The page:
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Hollicott Crossing


"Bert Rawlings," he called.

Rawlings turned in his seat and slowly rose to his feet. He knew he, himself, was fast with a gun and it had come down to who was faster, him or Johnson. When he was fully erect, he kicked the chair from him. With a smirk of a smile on one corner of his mouth, he spoke.

"Well, what can I do for you Mr. Johnson?" There was a mocking tone to his voice.

"I've come to settle a debt with you for killing five of my men and for your violation of a good woman...

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Hollicott Crossing: West Texas

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"Bert Rawlings," he called.

Rawlings turned in his seat and slowly rose to his feet. He knew he, himself, was fast with a gun and it had come down to who was faster, him or Johnson. When he was fully erect, he kicked the chair from him. With a smirk of a smile on one corner of his mouth, he spoke.

"Well, what can I do for you Mr. Johnson?" There was a mocking tone to his voice.

"I've come to settle a debt with you for killing five of my men and for your violation of a good woman in Amarillo."

The room became so quiet you could have heard a bug burp. All eyes were moving from one to the other of the two men facing each other. Sweat beads popped out on the forehead of both. Finally Rawlings shrugged his shoulders as if giving up the fight when his hand swept for the butt of his gun. He was fast. Like lightening he had his weapon clear of the holster and coming up to face a .44 that was more like greased lightning. JB's first bullet tagged Rawlings just above the belt buckle and his physical reaction was just enough to pull his shot off and his slug hit JB in the upper left shoulder.

JB's second shot punched a hole in the center of Rawlings' breastbone exploding bone fragments all through his lungs and upper body, ventilating his heart. The chunk of hot lead continued on, taking out Rawlings' spine as it zinged into the wall behind. Rawlings was dead when he hit the floor. JB stood there for a second to make sure, Rawlings was through. He replaced his empties, holstered his gun and held his shoulder. Joe rushed over and helped JB to a chair. He looked up at the barkeep and asked him to send for a doctor. By the time the doctor arrived on the scene, JB had passed out from both shock and loss of blood.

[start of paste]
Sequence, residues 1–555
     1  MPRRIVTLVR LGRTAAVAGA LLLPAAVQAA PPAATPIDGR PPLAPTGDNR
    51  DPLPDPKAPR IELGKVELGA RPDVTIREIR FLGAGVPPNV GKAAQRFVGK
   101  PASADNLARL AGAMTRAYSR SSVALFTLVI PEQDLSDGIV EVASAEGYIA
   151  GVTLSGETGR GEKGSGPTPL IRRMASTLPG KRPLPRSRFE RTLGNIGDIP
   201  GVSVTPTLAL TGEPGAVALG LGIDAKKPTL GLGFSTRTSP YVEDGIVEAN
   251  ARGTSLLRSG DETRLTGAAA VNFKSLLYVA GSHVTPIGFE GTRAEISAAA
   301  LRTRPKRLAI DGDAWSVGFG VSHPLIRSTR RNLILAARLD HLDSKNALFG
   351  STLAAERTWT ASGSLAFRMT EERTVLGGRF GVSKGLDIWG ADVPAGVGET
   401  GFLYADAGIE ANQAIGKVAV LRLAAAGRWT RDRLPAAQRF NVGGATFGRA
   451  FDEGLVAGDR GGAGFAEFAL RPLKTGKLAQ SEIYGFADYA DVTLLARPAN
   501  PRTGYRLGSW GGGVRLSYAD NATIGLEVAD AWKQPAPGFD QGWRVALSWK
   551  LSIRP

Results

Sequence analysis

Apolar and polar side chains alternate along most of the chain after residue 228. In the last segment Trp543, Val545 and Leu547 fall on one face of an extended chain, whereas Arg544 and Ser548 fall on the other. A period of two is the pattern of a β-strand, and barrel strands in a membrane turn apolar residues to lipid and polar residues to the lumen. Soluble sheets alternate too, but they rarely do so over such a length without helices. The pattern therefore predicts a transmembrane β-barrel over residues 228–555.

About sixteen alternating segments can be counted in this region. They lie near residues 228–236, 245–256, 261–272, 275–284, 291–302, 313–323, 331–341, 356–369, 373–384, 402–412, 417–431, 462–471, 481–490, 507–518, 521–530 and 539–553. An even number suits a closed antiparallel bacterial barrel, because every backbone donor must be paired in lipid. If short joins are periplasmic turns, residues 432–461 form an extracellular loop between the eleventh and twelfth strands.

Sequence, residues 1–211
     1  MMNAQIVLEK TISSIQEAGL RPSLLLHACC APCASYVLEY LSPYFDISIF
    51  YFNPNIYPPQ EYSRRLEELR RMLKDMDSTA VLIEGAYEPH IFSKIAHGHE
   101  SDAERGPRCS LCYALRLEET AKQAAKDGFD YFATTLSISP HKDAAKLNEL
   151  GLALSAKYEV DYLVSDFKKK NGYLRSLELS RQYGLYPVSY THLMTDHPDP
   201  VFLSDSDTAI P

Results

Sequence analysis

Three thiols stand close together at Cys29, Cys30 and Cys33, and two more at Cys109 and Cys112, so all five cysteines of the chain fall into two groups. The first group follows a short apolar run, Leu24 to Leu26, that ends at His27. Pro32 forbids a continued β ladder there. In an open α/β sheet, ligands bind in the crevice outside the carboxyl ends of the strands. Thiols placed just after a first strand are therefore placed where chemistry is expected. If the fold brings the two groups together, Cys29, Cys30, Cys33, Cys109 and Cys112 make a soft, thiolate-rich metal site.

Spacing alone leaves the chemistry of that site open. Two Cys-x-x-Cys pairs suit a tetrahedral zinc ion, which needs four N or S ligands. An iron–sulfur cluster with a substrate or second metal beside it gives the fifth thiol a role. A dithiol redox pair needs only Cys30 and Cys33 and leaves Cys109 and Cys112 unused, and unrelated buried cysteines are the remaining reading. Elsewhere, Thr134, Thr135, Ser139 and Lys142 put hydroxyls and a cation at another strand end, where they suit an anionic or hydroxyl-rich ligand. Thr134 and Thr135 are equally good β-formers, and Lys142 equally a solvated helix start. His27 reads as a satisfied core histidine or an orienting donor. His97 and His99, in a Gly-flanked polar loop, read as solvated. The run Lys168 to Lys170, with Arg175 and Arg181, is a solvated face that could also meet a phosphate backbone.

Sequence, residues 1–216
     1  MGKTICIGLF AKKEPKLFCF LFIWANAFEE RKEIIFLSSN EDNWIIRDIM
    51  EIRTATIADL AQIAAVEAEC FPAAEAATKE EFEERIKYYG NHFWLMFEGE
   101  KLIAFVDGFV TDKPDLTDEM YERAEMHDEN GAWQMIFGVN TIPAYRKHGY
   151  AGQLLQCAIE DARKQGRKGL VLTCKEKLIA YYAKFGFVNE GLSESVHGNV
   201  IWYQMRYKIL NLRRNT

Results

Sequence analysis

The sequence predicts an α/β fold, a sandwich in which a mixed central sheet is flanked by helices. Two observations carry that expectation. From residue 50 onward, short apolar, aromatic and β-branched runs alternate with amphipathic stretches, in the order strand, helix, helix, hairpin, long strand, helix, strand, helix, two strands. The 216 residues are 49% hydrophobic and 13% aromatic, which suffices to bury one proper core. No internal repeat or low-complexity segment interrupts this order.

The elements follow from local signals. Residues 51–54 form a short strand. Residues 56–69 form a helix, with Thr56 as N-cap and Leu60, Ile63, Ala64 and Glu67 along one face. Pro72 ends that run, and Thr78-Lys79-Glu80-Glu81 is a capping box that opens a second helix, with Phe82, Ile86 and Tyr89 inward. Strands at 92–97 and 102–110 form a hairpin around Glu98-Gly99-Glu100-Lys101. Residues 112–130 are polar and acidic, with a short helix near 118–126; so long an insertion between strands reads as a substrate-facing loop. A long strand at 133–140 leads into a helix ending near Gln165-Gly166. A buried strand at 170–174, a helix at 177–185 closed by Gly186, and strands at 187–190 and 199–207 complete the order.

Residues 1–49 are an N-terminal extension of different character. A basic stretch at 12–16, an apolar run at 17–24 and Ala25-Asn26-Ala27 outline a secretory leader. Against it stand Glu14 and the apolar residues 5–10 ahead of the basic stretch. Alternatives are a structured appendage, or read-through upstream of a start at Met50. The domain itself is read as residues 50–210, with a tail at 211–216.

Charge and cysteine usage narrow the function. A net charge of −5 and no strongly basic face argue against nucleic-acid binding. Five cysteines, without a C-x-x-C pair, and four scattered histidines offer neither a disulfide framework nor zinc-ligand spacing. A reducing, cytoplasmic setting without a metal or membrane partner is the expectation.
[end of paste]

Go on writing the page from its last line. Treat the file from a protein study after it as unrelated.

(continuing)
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Product Details

  • ISBN-13: 9781467041812
  • Publisher: AuthorHouse
  • Publication date: 11/29/2011
  • Pages: 300
  • Product dimensions: 6.00 (w) x 9.00 (h) x 0.67 (d)

Read an Excerpt


By James Richard Langston


Copyright © 2011 James Richard Langston
All right reserved.

ISBN: 978-1-4670-4181-2

Chapter One

JB hated buzzards. To him, they were nothing but filthy scavengers that flew around the countryside and ate maggot infested, putrid flesh. He couldn't think of much that was more disgusting, except maybe a snaggled tooth, overweight woman, spitting a rope of slimy tobacco juice through the snaggle. He and his outfit was still an hour away from water. The large winged birds were floating on the upper currents of hot air above the dry semi-desert landscape; a landscape that had claimed untold numbers of men and beasts, keeping the damn buzzards fed. 'They're just waiting for one of my cows to die, the bastards,' he thought. The heat of the day was bearing down on man and beast, alike. It was hot enough to blister a lizard's belly, if he turned loose and laid down on a flat rock. The air was close and humid along the river, bottom land. Off in the distance, there was a black formation of ominous looking storm clouds hanging over the western horizon, shooting out threats of bony skeleton fingers of lightning. The storm was background against a late afternoon sky and was creeping toward them. JB rode the point position to pick the best route for his herd of white-face cattle as they trudged on to water. A layer of dry, thick dust floated along with the herd as if it was riding on the cattle's backs.

He had sweated at least a gallon in the last two hours and was looking forward to dipping his body in the river when they got there and bedded the cattle down. His shirt stuck to his back like a layer of painted on cotton, covering an unseen river of sweat that flowed down his spine like an underground river, spotting the top of his jeans. The sweat that trickled down was, really, helping to keep him cool. He was carrying a layer of Texas dust on the exposed parts of his body that made his skin look like he had been rolling on the ground for a week. He reined his horse to a halt atop a small ridge overlooking the river basin. Removing his Stetson, he took a bandana from his back pocket, wiped the sweat band and his forehead and then returned the hat to his shaggy head. It was an old but good hat and it kept the sun off his face and neck and out of his eyes. The river basin was covered with rich, lush grass that grew tall, drinking the rain that seemed to fall mostly in river basins and it was a deep green as opposed to the sun baked brown grass of the open plains.